Introduction: Analyzing Data with SQL
This tutorial covers the steps of cleaning and transforming raw data in your data warehouse to get meaningful business insights out of it. This guide is intended for all people involved in business data analytics — whether you’ll perform the analysis yourself or manage somebody carrying out the analysis, a basic understanding of SQL is an important skill for anyone in the analytics field.
Why should you start learning SQL?
For some, starting to learn a coding language like SQL can seem a bit overwhelming or unnecessary, especially if data analytics isn’t at the core of your work. But once you take this first step towards treating your data in a serious way, you’ll be able to quickly look up all sorts of details in your data, perform deeper analysis in a few steps, or understand what others have done in SQL before you. This seriously speeds up how you work with data, and supports much faster data-driven decisions in your whole organization. And after investing a few hours or an afternoon into learning SQL, you’ll already be able to start working with and analyzing your own data.
An alternative to working in SQL is to stay in Excel or Google Sheets for your data work. Performing analysis in spreadsheets can work for many instances (and sometimes it can still be super beneficial to export your results in SQL back into a spreadsheet for the final analytical steps), but you’ll quickly be limited in terms of the amount of data you can treat in Excel, and it will never be as replicable as with SQL.
Data tooling options
There are tools on the market that attempt to work with the same amounts of data as in SQL in a replicable way without writing any lines of code — but often these tools are still relying on similar logic as SQL, which means you’ll still have to understand how data modelling works and how to set up the correct logic to make it work. You can just as well learn to write the code right away as you’ll likely stumble into all the same issues anyway. Even if you manage to set up some analysis in a no-code tool, any time something is off in the data, it will be difficult for you to trust the tool to manage the data for you. With just a basic understanding of SQL, you’ll be able to quickly see where your data is coming from, how it’s transformed, and where it’s going. This way, you’ll be in full control of the way you use data at your business.
With a basic SQL understanding and a data platform like Weld, you’ll be able to quickly grab the data you need from the tools you use in your business, perform aggregations or analysis that drives value for you, and then either automatically send this into a dashboard or reverse-ETL your data back into the tools you use, like HubSpot or Google Sheets. This way, you’ll quickly be able to make truly data-driven decisions for your business — or even automate some of these decisions as the data that was once dispersed in the various tools you use will be available across everything you use in your business.
What can you do with SQL?
It’s important to understand that SQL is used in the modelling layer on top of your existing data. As such, you’re not manipulating your raw data in your data warehouse in any way when you write SQL. Instead, you’re modelling how the data is represented for you and will be processed, for example in your dashboard software. You’ll therefore never mess up anything in your raw data by playing around or experimenting with your SQL code.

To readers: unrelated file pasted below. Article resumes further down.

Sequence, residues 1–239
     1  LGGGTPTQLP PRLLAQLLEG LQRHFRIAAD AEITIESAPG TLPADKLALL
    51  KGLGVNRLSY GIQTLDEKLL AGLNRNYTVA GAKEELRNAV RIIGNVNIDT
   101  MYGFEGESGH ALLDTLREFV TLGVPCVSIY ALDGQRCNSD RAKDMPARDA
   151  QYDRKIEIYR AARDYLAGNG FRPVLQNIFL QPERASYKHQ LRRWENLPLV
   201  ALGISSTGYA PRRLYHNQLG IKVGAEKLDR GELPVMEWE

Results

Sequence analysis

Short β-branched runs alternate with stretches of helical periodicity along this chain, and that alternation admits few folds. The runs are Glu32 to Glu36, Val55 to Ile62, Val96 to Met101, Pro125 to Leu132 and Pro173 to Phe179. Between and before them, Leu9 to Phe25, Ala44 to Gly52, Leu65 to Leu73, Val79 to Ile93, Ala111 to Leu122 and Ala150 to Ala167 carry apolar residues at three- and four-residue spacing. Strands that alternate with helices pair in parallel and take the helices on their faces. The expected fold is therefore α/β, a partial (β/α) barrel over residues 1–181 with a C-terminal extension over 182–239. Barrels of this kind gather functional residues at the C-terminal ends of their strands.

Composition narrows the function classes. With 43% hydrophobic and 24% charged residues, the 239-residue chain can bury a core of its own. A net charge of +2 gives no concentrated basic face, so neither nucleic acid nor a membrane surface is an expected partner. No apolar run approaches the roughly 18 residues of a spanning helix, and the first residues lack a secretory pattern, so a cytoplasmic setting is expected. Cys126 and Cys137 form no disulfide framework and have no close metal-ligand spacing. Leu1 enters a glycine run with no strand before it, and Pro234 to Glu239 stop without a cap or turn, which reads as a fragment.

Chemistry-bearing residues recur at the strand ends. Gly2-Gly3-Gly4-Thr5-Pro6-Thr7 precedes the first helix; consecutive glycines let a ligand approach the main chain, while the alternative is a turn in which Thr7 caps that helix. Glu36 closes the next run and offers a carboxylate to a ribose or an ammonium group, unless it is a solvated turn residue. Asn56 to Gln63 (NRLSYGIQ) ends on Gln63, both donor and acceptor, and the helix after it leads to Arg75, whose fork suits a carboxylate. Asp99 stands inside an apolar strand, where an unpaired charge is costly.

The data in your data warehouse will typically be a raw dump of data from the various business tools and sources you’ve connected to it. The data is a mess of unorganized tables, and looking directly at this rarely gives you any meaningful insights. The first step to getting value out of this data is to start cleaning up the way this data is represented for the next steps. This is done in SQL, and a basic understanding of how to write commands is enough to get you started.
Surprisingly, this process is not only valuable for the following steps of analyzing your data but also has tremendous value in and of itself. Having access to clean and structured data gives you much more trust and confidence in making decisions based on data. You can create this for yourself with a platform like Weld and just a little bit of SQL.
Once you’ve started to organize your data, you’ll already be able to extract new and trustworthy insights compared to looking directly at your raw data. But the real value comes when you start performing analysis on your cleaned data. This step will be very familiar to the way you’ve analyzed data in Excel before, but this can be done much faster with more data and replicated with new data seamlessly compared to in spreadsheets.
How do you get started learning SQL?
This tutorial is meant to get you from zero SQL knowledge to performing analysis on your own business data. You’ll start by selecting and filtering some simple data, then move into various aggregate functions to perform more advanced analytics, and finally you’ll learn how to join different data tables into one.
The key concepts are explained in plain text and for each type of function in SQL, there is a small exercise with sample business data attached for you to try out your learnings. It’s best to go through the exercises along with the articles. This will make your SQL work with your own business data in the future much easier.
The Weld Modelling layer is used to demonstrate the lessons. You can use whatever SQL editor you prefer, but if you’d like to follow the steps in the articles, it’s best to sign up free for Weld.